Within 12 minutes of start of play on Sunday, normalcy was restored at New Delhi’s Arun Jaitley Stadium. The discussions about smog were replaced by frail talks about the pitch on offer as the ball started keeping low as early as the third over of the match. By the time India finished their innings after being sent in by Bangladesh, even the pitch-talks had faded away somewhere in the hazy night sky of New Delhi. India’s approach or the lack of it had taken centrestage. It became more prominent an hour and a half later as Bangladesh registered their first ever T20I win over India in their 9th attempt.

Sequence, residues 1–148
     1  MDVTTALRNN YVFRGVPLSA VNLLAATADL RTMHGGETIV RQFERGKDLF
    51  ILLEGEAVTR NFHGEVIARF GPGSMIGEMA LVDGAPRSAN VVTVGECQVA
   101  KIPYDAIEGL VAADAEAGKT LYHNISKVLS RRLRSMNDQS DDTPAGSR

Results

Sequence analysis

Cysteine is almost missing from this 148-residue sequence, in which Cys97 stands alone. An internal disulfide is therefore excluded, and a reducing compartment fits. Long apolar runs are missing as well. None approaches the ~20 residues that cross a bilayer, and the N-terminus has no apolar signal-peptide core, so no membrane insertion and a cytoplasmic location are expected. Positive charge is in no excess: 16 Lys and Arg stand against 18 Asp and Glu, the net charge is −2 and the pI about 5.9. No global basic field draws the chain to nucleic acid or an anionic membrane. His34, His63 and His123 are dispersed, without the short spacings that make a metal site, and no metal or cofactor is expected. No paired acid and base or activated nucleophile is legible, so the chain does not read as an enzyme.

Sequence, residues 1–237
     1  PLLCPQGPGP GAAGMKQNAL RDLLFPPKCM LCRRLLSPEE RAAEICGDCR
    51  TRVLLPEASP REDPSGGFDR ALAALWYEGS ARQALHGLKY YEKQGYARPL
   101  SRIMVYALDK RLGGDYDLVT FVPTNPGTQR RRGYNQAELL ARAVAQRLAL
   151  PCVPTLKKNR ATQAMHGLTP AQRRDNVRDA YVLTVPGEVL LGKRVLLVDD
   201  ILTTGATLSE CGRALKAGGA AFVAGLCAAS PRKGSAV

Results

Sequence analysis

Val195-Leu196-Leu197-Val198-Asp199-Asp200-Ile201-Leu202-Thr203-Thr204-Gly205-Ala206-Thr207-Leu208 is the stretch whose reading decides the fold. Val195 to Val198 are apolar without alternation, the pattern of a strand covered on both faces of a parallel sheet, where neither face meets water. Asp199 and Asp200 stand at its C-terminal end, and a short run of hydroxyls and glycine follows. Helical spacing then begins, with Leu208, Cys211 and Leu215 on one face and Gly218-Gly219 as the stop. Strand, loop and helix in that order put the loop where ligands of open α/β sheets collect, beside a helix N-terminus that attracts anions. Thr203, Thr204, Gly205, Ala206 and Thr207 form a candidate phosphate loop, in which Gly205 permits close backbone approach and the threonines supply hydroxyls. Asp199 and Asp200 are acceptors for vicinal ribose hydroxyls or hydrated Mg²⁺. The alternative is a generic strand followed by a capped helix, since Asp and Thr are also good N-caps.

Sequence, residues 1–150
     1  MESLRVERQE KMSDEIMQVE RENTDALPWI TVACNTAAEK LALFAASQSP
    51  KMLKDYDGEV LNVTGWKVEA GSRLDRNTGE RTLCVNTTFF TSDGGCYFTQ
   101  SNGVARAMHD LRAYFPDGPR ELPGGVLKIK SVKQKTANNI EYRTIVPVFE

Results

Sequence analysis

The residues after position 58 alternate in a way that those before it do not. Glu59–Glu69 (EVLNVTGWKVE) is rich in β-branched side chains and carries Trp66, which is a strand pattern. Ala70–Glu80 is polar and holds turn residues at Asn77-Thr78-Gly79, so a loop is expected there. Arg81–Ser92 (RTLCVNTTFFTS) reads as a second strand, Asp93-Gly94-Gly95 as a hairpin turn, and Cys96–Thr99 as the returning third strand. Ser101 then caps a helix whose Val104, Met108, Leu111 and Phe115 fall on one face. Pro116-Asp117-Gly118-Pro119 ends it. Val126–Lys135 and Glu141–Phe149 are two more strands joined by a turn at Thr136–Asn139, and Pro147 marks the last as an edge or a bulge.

Yes, the pitch was on the slower side. Yes there was something in it for the spinners and even for the seamers if they rolled their fingers over the ball and varied their lengths but isn’t that normal in Kotla? It still remains one of the few Indian grounds where the average first innings total is well-below 150. And to be fair to India they did get to 148 at the end of their 20 overs and Bangladesh too had their fair share of troubles in the second innings, taking 19.3 overs to chase it down then what’s the fuss? The problem was with India’s confused way of dealing with a T20 innings, especially when batting first.